If you eschew streaming services and store your own music library in the cloud, you have control over the audio quality of your music. Depending on the software you choose to deliver your music, you can typically stream in native quality; be that lossy, lossless and even hi-res.

Consideration needs to be given to your target device. When playing music from the cloud, the device may have a limit on the audio quality it can support. In such cases, you must configure a way of converting the source music into supportable, playable music for your device using transcoding. This may be built into the cloud music service, or it may be something you configure after synchronisation from the cloud to your local device.

Frequently-asked questions

These FAQs cover the questions we most frequently get about music in the cloud.

Can you listen to cloud music offline?

Most cloud music providers provide a way of downloading from the cloud and listening to music offline. This can be done either via the cloud music software, for example selecting specific tracks, albums or artists to download, or by synchronising music files between a cloud storage service and your device.

How do I get my music from the cloud on my phone?

If you have your music stored in cloud storage such as Google Drive, OneDrive, Dropbox or similar, you can connect a cloud music player such as Astiga to the storage. Such services typically have apps you can install on your phone; these also provide for offline access should you be in a place with limited phone coverage.

How do I know if my music is in the cloud?

Some music streaming services allow an additional function to add your own music to the playback software, as well as browse their library. Oftentimes, when adding this music, its also uploaded to the cloud so that it can be streamed to other devices. Some services, instead of uploading and actually storing your music in the cloud, merely ‘match’ it with an identical (or nearly identical) recording in their own library (iTunes Match is an example of this). Whatever way is followed, whether or not the music you added is in the cloud is dependent on the service, and normally some indication will be provided within the software.

How do I play music in the cloud?

To play music from the cloud it must first be stored in the cloud, and then a music player must be used that can connect to the cloud and play the music stored there. The simplest way of achieving this is with a streaming service, which already provides a music library and the software to connect to the cloud streaming service and play the music stored therein. Alternatively, you can manage your library by uploading it to a cloud storage service and configuring a cloud music player to connect to that and play your music.

How do I retrieve music from the cloud?

All generic cloud storage services provide a way of downloading the entirety of data from the service. For music lockers or streaming services to which you’ve uploaded additional tracks then some form of export is normally permitted.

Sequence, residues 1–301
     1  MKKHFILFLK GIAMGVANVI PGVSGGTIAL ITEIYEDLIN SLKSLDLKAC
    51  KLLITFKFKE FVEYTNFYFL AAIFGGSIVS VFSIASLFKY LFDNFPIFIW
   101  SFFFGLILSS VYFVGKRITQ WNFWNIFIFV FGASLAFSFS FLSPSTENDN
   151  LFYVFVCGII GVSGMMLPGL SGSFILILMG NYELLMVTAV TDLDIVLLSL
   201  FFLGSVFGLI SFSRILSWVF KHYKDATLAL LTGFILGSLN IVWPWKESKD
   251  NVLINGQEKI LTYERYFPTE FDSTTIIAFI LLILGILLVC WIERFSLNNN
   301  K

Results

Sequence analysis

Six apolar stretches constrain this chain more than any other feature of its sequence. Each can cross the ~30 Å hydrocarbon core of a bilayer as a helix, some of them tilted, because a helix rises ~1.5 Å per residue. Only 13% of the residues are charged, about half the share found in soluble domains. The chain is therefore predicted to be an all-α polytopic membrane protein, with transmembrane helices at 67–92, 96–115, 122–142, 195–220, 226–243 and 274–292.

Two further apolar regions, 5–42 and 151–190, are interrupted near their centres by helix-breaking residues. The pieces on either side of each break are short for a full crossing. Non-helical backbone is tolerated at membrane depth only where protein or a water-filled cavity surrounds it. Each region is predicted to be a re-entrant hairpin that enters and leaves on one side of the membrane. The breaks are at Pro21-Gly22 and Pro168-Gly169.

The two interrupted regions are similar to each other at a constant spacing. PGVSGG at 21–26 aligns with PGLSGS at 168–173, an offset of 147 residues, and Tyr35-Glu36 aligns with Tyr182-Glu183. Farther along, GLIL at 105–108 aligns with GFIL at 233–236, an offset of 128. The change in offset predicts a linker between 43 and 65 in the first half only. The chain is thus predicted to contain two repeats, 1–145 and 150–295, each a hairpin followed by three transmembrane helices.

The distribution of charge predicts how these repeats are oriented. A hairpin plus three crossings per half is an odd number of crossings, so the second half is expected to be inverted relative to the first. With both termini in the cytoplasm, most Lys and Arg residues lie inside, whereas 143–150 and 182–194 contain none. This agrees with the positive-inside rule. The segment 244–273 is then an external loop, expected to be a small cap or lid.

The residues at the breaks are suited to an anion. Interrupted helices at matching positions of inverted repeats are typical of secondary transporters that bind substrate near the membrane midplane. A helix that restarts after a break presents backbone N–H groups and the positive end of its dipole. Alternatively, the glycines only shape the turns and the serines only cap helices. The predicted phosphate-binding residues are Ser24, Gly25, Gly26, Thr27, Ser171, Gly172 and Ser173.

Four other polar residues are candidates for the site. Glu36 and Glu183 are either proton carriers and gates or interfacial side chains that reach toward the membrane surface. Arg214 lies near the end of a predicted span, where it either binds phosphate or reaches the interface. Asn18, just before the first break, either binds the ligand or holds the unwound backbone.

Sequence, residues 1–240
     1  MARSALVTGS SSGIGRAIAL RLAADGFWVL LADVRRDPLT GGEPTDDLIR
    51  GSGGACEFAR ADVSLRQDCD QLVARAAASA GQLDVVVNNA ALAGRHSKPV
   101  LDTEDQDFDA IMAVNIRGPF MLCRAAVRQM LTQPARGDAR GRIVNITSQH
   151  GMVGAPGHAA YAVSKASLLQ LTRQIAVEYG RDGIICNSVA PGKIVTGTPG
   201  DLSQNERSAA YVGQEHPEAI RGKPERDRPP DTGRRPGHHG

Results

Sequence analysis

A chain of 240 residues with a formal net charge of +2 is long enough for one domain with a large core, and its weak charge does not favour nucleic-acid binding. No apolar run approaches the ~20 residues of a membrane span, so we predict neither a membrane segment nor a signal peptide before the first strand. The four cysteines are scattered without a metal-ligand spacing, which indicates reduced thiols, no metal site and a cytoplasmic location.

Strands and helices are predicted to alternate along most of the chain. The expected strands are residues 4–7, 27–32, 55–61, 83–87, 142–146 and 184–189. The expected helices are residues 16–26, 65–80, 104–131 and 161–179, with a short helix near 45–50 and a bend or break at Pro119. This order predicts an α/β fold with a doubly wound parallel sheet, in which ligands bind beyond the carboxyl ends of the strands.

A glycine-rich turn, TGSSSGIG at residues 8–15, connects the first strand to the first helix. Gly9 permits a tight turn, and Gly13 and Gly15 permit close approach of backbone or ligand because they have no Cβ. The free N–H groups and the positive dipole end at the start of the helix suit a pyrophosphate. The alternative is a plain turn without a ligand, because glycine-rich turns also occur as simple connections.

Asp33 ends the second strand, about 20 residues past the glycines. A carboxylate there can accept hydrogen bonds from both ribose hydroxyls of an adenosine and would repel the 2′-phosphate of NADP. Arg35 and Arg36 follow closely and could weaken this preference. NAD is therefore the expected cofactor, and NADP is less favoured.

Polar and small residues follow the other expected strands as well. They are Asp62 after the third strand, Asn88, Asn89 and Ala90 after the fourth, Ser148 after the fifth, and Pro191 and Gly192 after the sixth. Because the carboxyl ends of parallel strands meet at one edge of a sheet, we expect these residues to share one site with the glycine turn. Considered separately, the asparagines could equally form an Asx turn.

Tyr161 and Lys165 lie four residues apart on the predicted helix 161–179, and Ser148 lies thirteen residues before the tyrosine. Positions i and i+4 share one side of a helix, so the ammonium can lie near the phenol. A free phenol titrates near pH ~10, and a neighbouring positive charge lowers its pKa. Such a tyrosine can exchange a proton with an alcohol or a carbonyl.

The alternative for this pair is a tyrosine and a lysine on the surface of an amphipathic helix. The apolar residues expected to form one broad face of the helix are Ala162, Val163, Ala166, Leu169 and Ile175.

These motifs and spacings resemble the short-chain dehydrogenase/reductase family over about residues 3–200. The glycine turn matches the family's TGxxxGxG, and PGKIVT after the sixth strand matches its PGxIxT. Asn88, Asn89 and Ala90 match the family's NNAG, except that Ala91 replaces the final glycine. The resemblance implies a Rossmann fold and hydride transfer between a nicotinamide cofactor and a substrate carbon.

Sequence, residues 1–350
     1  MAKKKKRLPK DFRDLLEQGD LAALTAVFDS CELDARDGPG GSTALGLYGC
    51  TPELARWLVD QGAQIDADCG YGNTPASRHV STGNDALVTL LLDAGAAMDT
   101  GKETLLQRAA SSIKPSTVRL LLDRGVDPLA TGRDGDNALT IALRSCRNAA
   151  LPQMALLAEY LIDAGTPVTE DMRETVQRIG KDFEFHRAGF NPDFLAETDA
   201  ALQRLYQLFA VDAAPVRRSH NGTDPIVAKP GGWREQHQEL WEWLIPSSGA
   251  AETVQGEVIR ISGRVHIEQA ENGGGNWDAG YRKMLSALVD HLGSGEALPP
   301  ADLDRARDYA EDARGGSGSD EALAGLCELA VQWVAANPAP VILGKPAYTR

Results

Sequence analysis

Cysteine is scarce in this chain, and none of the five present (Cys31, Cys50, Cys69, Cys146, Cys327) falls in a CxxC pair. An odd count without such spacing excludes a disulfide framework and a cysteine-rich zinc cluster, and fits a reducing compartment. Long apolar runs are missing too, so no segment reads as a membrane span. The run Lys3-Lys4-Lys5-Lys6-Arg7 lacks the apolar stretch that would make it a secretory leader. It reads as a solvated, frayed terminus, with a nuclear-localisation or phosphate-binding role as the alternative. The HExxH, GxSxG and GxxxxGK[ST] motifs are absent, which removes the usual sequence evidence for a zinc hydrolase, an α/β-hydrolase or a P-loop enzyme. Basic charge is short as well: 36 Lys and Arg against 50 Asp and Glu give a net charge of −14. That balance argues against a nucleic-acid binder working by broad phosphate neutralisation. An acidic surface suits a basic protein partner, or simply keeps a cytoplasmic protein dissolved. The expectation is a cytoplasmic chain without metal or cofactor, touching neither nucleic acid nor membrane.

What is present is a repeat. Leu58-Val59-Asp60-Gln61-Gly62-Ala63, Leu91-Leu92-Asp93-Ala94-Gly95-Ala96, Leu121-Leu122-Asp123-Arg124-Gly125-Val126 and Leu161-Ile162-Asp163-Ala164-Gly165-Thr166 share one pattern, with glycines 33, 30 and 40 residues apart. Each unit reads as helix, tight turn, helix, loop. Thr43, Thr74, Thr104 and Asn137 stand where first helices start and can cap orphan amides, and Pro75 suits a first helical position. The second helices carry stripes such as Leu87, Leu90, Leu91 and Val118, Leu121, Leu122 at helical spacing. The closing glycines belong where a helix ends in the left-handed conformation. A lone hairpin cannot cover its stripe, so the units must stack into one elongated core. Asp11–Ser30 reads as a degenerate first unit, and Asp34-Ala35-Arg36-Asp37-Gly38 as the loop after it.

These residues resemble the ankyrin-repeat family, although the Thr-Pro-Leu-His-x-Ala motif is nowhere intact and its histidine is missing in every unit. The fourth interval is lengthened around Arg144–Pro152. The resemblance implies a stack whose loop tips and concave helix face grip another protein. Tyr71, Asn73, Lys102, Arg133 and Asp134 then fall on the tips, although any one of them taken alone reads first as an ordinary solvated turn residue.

What are the limits of cloud music libraries?

Different services impose different limits. Generally, the streaming services mandate more restrictive limits in terms of the amount of music you can upload and its diversity (for example, only certain file formats are permitted). You typically don’t have the same limitations if using a cloud storage service, beyond those defined by the pricing tier you are using. Most cloud storage services provide enough capacity for an average sized music library and can be increased in size, although this can get expensive because such price tiers are typically reserved for businesses.

What is a cloud music library?

A cloud music library is a music library stored in the cloud. It’s typically accessed in some way, either by playback or a library browser. The library may be owned or licenced by different entities. In streaming services (like Spotify) it’s licenced by the service to be listened to by you. In other cases you can store your own music library in the cloud, in different ways. Whoever owns the library doesn’t change the simple fact: cloud music libraries are music libraries stored in the cloud.

What is the best cloud music locker?

Cloud music lockers are music streaming services that bundle storage so you can easily upload your own music library. We wrote an article about the best services on the Music Library Management Blog.

What's the cheapest cloud music storage service?

If you’ve decided you want to store your own music library in the cloud, an inevitable consideration is price.

As you might expect, the cost of cloud music storage tends to be proportional to the library size. In some cases, and for very small libraries, you may even be able to get some free storage space. We wrote a round up of music storage services on the Music Library Management blog, here.

An important consideration is also functionality. Although some services are very cheap, they do not allow flexible access to the library, meaning you might not be easily able to stream music.

An alternative way of getting ‘free’ music storage is to use your own storage in your own network; storage you might have already in a home server, say. This involves opening up your server so it can serve music to devices connecting from the Internet. Thus, it’s important to impose strict security limitations on such setups.

Will cancelling my account delete my music?

If you use a cloud music service then this depends on whether you store your music with the service or a separate cloud storage service. For the former, like streaming services or music lockers, your music may be deleted so its wise to make sure you have a backup. For the latter, the two are disconnected, so you can cancel a cloud music player account, for example, but still have access to your music library in cloud storage.

Will deleting the music app delete my music?

This depends on the app and the service. For streaming services to which you’ve uploaded music additional to their library: deleting the app for the service will mean you can no longer play your uploaded music, but the music itself may remain on your phone or within your library on your computer. In addition, if you haven’t cancelled your account, other devices which still connect to the account may still have access to the music if it was uploaded.

If you have any other questions please feel free to email me (Dan) at - I'll answer by email, and maybe (with your permission) add the answer to this document to help other people.

Dan is the CEO of the Astiga streaming service. Any questions about cloud music libraries? Send me an email!

Online illustrations by Storyset